2 y The present' invention aims to overcome the shortcomings of the priorfpractices above referred to, and at the same time to provide a door which will have increased service life.
Referring particularly to the drawings, my improved door comprises a hollow body such as indicated at I0, so as to provide a water chamber I2 which is suitably connected with an inlet pipe Il and an outlet pipe I8 to permit circulation of a coolant such as water in a manner well known to those skilled in the art. Lugs l1 are adapted to connect with any conventional form of door support. 'I'he body of the door is provided with a recessed portion I8 adapted to accommodate a multiplicity of refractory bricks 20. Each of these bricks is substantially in the form of a recsheet metal. For example, each brick may be surrounded with a metallic sleeve 22. The inner each brick is thus individually anchored to the door body, and cannot become loosened and fall` v,
out as the `result of shrinkage or mechanical abuse. When the metal-clad bricks are initially installed in the cavity i8' of the door, there will be a slight clearance space between adjacent,v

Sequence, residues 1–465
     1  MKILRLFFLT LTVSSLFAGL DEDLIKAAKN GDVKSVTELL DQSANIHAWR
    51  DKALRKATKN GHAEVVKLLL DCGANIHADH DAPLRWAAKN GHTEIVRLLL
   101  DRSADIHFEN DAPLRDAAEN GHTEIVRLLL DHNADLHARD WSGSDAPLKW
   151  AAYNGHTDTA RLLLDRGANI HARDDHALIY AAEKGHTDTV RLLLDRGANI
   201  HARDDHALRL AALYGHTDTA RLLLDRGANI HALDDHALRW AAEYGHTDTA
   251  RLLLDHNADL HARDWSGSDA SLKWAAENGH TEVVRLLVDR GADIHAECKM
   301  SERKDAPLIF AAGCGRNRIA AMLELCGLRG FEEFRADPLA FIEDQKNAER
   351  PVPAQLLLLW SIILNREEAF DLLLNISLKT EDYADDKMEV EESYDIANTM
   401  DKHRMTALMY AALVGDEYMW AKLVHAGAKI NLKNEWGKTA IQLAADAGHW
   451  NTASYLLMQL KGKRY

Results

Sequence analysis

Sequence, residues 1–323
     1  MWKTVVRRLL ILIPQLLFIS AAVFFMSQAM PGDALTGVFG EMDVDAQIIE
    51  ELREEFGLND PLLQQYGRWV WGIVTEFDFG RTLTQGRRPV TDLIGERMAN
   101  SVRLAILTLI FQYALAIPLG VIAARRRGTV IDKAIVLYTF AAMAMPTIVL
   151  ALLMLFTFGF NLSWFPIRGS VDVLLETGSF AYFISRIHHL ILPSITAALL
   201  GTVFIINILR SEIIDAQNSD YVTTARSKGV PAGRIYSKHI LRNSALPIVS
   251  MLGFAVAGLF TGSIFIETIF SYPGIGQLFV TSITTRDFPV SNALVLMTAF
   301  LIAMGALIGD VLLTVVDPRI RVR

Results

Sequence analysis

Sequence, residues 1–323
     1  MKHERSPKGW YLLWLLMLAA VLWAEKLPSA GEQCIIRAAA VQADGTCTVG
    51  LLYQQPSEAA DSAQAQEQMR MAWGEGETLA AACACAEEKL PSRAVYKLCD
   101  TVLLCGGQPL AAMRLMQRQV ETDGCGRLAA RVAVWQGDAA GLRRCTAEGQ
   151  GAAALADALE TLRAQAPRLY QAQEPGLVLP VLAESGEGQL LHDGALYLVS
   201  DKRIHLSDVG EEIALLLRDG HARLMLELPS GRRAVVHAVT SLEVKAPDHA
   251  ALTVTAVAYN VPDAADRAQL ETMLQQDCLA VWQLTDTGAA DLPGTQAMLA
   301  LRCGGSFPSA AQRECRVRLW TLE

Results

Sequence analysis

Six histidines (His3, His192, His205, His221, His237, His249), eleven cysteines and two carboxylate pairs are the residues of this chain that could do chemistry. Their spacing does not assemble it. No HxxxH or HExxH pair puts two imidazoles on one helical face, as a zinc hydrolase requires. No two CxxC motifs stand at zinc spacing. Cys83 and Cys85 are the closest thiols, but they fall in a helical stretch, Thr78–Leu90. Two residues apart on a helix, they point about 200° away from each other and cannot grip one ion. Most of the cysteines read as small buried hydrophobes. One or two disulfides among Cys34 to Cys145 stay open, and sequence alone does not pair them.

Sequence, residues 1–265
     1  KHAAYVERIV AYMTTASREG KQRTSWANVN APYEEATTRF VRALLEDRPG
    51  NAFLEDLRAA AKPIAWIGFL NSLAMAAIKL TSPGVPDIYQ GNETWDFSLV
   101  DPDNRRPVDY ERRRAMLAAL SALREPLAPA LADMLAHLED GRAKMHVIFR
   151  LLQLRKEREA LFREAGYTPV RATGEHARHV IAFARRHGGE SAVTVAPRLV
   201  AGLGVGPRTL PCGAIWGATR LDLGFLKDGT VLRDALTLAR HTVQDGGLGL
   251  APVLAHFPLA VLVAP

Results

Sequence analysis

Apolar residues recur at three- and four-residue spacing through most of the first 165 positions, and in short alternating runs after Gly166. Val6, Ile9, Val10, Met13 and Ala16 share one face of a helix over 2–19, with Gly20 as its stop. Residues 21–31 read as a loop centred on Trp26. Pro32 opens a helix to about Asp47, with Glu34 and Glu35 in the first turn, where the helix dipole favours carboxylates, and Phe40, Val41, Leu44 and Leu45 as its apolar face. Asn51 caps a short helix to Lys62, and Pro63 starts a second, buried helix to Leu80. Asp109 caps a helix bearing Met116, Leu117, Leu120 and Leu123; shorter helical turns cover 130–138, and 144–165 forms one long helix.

bricks which may range from inch to 'ts inch in practice. When the door is put into use, expansion eectively seals the spaces between the bricks. By the use of metal-clad basic brick constructed and arranged in the manner herein shown and described, it is possible to obtain an essentially basic lining of greater density and greatererosion-resistance than is obtainable with l' the rammed door linings heretofore available, and at the same time provide positive assurance against the type of door failure common to both fire-clay and basic brick linings laid up in the conventional manner.